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acf111591acf111591 Member
edited September 2013 in October 2013 LSAT 45 karma
Can someone explain to me the implication of this statement? I know it sets up a two way street between the two terms but why is that the case???


  • acf111591acf111591 Member
    45 karma
    For ex-- Grace helps move the sofa if but only if Heather helps move the recliner. I just am not seeing the english to logic relevance I guess.
  • jrkovalsjrkovals Alum Member
    183 karma
    It is simply saying that something is sufficient and necessary for something else. For example, perhaps Grace has decided in her head that: "If Heather helps move the recliner then she (Grace) will help move the sofa." But Heather moving the recliner is also a necessary condition for Grace to move the Sofa - so Grace continues to think in her head: "but I will help move the sofa ONLY IF heather moves the recliner." You see what's going on here. Heather moving the recliner is sufficient for Grace to help move the sofa but it is also necessary for Grace to help move the sofa. If, for instance, Grace thought ONLY: "If heather helps move the recliner then i'll move the couch," the absence of Heather moving the recliner does not necessarily mean that Grace won't help move the sofa (negating a sufficient condition does nothing). For example, maybe Heather gives Grace $10 and this was sufficient for Grace to move the couch. However, when Grace tacks on that she'll move the couch ONLY IF heather moves the recliner then no matter what else happens between Grace and Heather (whether or not Heather gives Grace $10 or not) if Heather does not move the recliner then Grace will not move the couch. On the flip side, if Grace only said that Heather moving the couch was a necessary condition for her moving the sofa, then Heather moving the recliner doesn't guarantee that Grace will do anything (the precense of a necessary condition alone tells you NOTHING). The dual nature of if and only if statements captures subtle thought processes that always go on in people's heads. It only brings them to a written logical expression. For instance say I will score only one point at a time in basketball if and only if a shoot a free throw. If i shoot a free throw and make it I get one point. Also I get one point per one made shot only if i'm shooting a free throw. Otherwise, (if i am not shooting a free throw) i do not get one point per one made shot. I would get two points or three points per shot if i made it.

    Hope that helps
  • acf111591acf111591 Member
    45 karma
    Thanks!! You explained it way better than kaplan lol they are the ones that confused me in the first place. the basketball analogy nailed it. so now on when i see if and only if it goes both ways so the contrapositives are mutual back and forth unlike when you have a if _ then _ statement where you can flip and negate once this way if there's no heather moving recliner there's no grace, if there's no grace then theres no heather.
  • jrkovalsjrkovals Alum Member
    183 karma
    I can tell you personally that nothing has been more intuitive than 7sage. I looked at a couple books (not 7sage) and they take the most simple things that can occur such as sufficient and necessary conditions and seemed to obscure the shit out of them.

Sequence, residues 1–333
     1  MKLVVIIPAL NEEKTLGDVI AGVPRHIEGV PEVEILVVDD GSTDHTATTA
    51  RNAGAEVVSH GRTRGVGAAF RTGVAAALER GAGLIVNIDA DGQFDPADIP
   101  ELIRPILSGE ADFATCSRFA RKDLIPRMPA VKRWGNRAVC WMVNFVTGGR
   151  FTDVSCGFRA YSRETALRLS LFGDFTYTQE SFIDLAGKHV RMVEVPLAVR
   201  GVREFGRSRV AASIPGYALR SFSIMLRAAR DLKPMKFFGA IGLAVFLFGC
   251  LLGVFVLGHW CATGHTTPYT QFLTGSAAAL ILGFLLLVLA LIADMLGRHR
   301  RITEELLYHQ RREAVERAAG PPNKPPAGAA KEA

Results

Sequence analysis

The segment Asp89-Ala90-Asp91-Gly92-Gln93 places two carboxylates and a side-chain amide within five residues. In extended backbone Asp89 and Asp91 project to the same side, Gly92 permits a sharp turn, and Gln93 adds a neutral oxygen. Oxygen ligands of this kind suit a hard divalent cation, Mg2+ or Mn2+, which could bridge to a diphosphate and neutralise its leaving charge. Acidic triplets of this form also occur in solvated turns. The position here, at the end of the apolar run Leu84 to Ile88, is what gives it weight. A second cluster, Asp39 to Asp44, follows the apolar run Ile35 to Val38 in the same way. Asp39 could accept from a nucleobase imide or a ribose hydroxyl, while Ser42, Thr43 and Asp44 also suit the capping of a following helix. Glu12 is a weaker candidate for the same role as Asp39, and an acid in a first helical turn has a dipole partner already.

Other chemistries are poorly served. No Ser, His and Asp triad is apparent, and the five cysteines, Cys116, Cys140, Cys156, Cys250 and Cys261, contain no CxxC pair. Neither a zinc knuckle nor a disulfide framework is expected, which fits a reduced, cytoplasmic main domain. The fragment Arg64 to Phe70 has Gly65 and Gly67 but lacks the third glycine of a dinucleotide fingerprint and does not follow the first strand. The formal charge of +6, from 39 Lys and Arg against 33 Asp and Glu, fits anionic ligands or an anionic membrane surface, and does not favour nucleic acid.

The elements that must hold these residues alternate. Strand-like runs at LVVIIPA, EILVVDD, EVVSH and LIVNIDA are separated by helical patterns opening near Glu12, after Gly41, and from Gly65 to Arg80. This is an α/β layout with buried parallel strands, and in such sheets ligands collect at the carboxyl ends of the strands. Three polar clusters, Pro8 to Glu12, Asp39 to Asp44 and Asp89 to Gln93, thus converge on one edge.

For the example above, you essentially have two implications; (1) if grace moved the sofa then heather moved the recliner (2) If heather moves the recliner then Grace moves the sofa. Simply put - and I've not gotten through all of the conditional lessons in 7 sage - in the this example if Heather did not move the recliner then Grace did not move the couch; also if grace did not move the couch then Heather didn't move the recliner. Symbolically, (/ equals "not") (H stands for Heather moving the recliner and G stands for Grace moving the couch; -> means "implies") /H->/G and /G->/H.

    specific to this question only I highly recommend going through 7sage's lawgic lessons if you have not. But also generally, they give great instruction for any section of the LSAT i have thus far encountered.
  • goshen574goshen574 Member
    6 karma
    So If AND Only If, are basically two different formal logic statements squished together (bi conditional)? If that's true, then both must be either true/possible/able, or false/not true/not possible/unable. That I understand.

    However, what's the contrapositive? is simply negating both terms the CP? For example as you say, if Hr If And Only If Gs, that means Hr <--->Gs. But is the CP /Hr <---->/Gs? and if that's the case, then does that mean that there are only two possible outcomes, or can one happen and one not happen?
  • goshen574goshen574 Member
    6 karma
    And one more question, where can I find a list of terms that I can memorize for these formal logic conditions, (e.g. If/then, if and only if, if but only if, if yet only if, unless, not unless, etc.etc)
  • synergy_101synergy_101 Alum Member
    edited November 2014 180 karma
    There are two kinds of biconditionals; Always together and always apart.

    Always together = A <->B. This means there are four possibilities. If A then B, if B then A, If not A then not B and if not B then not A.

    Always Apart = A <-> Not B. This means if we have A then we won't have B and vice versa.

    There are only four logical indicators for biconditionals
    1. If and/but only if (always together indicator)... but usually means and
    2. either or, but not both (always apart)
    3. but not otherwise (always together)
    4. except (always apart)

    Check out 7sage's biconditional explanations (not sure if free user's can access it :S)
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